Solal’s Prostrate Protection Formula – Scam?

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Posted 26 July 2013

Breast protectionSolal’s Prostrate Protection Formula claims:

Protects and improves symptoms of enlarged prostate. The only formulation that combines all natural extracts at the correct doses, proven to provide maximum protection for the prostate. I3C, DIM and curcumin extract protect against and may retard the growth of tumour prostate cell mutations“, and,

Beta-sitosterol improves urinary symptoms such as urinary output and bladder emptying. It also inhibits 5-alpha-reductase, thereby preventing the formation of DHT (dihydrotestosterone), a known risk factor for prostate cell mutation and growth. Pygeum africanum extract prevents prostate inflammation, cell proliferation and growth. Lycopene and selenium reduce the risk of prostate cell mutations.http://www.solal.co.za/prostate-protection-formula

Note the  statement “Lycopene and selenium reduce the risk of prostate cell mutations.

What is the evidence in support that lycopene and/or selenium will be beneficial for the prostrate? Nil actually.

 

Below are two of the latest scientific reviews and a UK Advertising Standards ruling against a lycopene product – sadly, Solal have again utilised pseudoscience by claiming “[L]ycopene and selenium reduce the risk of prostate cell mutations” – unless this product’s target market is rats or mice, where these claims may be true. 

[1] “However, there is still no clearly proven clinical evidence supporting the use of lycopene in the prevention or treatment of prostate cancer . . .

[2] “The role of lycopene, an open-chain carotenoid found in tomatoes and devoid of retinoid activity, as an anticarcinogenic, chemopreventive agent, especially for use in prostate cancer, is still under active investigation“,

and,

In this issue, Qui and colleagues show that lycopene induces responses in human prostate epithelial cells that are antiproliferative, antioxidative, and anti-inflammatory, as well as downregulating targets in the androgen receptor signaling pathway. In this perspective, we review aspects of the molecular and cellular biology of lycopene that support its use for prevention of prostate cancer. Whether lycopene itself or its metabolites induce most of its benefits is still uncertain. At present, meta-analysis of clinical studies of lycopene for prevention of prostate cancer in men does not yet support the definitive clinical use of this carotenoid in a preventive setting.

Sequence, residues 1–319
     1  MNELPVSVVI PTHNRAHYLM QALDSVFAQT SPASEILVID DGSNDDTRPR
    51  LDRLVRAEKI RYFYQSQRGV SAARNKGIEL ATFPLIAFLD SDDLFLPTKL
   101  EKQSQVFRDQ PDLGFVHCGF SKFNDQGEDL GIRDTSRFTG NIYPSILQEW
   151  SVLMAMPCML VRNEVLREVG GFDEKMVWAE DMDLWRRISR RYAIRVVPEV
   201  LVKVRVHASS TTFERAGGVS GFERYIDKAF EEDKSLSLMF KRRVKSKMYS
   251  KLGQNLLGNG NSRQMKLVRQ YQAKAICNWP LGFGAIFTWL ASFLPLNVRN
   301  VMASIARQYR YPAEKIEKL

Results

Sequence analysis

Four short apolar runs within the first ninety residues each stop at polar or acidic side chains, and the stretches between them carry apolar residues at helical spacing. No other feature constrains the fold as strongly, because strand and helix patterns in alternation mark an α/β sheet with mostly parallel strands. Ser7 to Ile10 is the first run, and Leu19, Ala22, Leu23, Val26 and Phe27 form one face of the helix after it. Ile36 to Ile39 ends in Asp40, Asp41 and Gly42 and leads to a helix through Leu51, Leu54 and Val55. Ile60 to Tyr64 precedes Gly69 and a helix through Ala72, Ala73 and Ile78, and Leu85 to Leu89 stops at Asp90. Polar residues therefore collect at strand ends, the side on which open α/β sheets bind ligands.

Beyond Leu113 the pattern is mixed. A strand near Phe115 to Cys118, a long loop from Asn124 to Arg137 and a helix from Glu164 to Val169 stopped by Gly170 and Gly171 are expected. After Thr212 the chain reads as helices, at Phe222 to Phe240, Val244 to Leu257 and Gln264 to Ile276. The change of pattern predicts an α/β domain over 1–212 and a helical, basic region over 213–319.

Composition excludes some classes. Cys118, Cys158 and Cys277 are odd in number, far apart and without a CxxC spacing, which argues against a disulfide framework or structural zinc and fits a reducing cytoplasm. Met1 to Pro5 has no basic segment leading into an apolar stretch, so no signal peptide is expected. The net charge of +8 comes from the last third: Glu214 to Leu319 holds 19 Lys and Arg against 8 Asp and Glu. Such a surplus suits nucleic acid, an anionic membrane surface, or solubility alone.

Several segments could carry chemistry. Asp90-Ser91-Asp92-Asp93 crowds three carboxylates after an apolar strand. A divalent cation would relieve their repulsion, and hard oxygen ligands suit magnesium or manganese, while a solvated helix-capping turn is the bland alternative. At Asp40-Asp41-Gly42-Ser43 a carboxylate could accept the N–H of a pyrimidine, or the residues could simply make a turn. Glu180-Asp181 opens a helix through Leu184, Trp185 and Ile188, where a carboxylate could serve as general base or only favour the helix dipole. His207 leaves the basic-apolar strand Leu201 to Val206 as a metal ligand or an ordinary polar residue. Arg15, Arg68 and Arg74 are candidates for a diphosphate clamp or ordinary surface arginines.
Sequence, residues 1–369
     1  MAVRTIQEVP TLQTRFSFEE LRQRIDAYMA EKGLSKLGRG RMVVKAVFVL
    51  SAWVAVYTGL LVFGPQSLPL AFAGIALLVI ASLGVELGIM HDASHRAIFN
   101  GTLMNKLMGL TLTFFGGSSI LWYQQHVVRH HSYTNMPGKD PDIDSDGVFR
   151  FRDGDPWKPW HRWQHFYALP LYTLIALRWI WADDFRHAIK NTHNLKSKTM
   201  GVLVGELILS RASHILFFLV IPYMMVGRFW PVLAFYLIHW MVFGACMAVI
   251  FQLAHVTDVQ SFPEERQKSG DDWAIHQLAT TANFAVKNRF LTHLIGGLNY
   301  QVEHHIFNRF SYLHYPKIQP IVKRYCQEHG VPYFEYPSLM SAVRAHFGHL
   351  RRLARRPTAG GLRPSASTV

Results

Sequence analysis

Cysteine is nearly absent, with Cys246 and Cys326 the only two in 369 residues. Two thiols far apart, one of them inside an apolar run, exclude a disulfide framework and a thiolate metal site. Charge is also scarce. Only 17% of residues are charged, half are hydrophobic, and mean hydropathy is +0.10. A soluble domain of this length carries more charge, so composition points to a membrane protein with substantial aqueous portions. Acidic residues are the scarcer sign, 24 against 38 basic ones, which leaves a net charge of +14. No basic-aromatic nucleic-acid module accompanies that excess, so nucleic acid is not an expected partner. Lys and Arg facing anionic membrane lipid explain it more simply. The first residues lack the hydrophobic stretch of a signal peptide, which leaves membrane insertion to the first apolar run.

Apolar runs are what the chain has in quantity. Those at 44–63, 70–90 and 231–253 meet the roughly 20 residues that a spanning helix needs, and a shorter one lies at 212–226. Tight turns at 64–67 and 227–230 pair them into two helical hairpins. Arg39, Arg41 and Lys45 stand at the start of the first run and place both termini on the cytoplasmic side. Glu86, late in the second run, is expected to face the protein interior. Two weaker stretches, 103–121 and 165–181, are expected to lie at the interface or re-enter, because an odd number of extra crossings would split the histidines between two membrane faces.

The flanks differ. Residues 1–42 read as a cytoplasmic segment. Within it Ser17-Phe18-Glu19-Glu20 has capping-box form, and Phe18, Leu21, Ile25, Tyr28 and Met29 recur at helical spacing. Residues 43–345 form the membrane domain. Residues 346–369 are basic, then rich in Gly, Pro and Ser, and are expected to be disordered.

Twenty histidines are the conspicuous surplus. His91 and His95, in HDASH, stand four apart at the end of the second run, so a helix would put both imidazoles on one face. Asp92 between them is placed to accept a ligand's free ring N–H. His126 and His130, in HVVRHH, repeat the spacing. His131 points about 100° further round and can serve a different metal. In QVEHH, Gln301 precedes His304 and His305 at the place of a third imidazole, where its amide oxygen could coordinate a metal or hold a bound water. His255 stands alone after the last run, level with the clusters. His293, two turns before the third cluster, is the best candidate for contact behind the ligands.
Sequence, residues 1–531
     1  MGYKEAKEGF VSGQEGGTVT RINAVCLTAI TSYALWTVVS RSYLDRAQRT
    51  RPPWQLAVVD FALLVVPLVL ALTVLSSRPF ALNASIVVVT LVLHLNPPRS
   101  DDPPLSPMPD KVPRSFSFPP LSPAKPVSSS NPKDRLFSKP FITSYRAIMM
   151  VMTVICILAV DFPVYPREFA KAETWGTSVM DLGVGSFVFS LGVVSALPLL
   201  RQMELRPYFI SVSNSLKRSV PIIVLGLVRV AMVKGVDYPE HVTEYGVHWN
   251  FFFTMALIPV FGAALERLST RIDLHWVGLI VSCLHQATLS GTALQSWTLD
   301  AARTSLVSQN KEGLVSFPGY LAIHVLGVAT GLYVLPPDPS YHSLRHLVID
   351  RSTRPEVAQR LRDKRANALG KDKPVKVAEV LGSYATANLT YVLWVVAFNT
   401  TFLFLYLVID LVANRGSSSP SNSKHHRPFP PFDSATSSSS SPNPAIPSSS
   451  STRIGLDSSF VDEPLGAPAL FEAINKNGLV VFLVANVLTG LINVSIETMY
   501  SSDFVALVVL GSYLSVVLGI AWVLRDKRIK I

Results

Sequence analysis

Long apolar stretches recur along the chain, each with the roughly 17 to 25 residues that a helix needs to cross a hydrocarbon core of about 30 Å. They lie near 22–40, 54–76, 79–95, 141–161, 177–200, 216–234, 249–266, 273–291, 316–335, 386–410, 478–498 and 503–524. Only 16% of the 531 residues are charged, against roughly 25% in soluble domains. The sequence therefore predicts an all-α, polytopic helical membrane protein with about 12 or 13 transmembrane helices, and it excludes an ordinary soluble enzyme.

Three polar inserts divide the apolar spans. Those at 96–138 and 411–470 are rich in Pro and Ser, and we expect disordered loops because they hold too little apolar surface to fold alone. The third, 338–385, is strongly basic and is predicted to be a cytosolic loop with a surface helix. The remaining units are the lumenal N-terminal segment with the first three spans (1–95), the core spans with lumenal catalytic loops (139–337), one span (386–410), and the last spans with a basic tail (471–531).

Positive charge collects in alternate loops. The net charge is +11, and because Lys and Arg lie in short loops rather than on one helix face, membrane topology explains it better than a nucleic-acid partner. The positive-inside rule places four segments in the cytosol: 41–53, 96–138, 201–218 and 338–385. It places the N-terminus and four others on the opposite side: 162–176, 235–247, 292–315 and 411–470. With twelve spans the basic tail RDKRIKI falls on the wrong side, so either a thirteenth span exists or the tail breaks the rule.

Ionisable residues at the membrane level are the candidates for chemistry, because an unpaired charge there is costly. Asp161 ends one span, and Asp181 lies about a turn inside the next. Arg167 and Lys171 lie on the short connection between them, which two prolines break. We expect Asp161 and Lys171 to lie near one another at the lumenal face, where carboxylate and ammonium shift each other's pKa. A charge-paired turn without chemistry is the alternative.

References: 

  1. Int J Mol Sci. 2013 Jul 12;14(7):14620-46. doi: 10.3390/ijms140714620. The potential role of lycopene for the prevention and therapy of prostate cancer: from molecular mechanisms to clinical evidence. Holzapfel NP, Holzapfel BM, Champ S, Feldthusen J, Clements J, Hutmacher DW. http://www.ncbi.nlm.nih.gov/pubmed/23857058
  2. Cancer Prev Res (Phila). 2013 May;6(5):384-6. doi: 10.1158/1940-6207.CAPR-13-0026. Epub 2013 Mar 12. Is lycopene an effective agent for preventing prostate cancer? Sporn MB, Liby KT. http://www.ncbi.nlm.nih.gov/pubmed/23483003

 

 

Recent research on selenium

“At present, selenium is not identified to be effective to the primary prevention of prostate cancer, and the selenium supplementation is not recommended to the men risky to prostate cancer clinically.” [1] 

“This randomized, double-blind, placebo-controlled, 2 × 2 factorial design clinical trial found that neither selenium nor vitamin E reduced the incidence of prostate cancer after seven years and that vitamin E was associated with a 17% increased risk of prostate cancer compared to placebo. The null result was surprising given the strong preclinical and clinical evidence suggesting chemopreventive activity of selenium.” [2] [3] 

References: 

  1. Asian Pac J Cancer Prev. 2013;14(4):2181-4. Review of selenium and prostate cancer prevention. Yang L, Pascal M, Wu XH. http://www.ncbi.nlm.nih.gov/pubmed/23725109
  2. Semin Oncol. 2013 Jun;40(3):276-85. doi: 10.1053/j.seminoncol.2013.04.003. Prostate cancer chemoprevention. Sandhu GS, Nepple KG, Tanagho YS, Andriole GL. http://www.ncbi.nlm.nih.gov/pubmed/23806493
  3. Nutrients. 2013 Apr 3;5(4):1122-48. doi: 10.3390/nu5041122. Selenium and prostate cancer prevention: insights from the selenium and vitamin E cancer prevention trial (SELECT). Nicastro HL, Dunn BK. http://www.ncbi.nlm.nih.gov/pubmed/23552052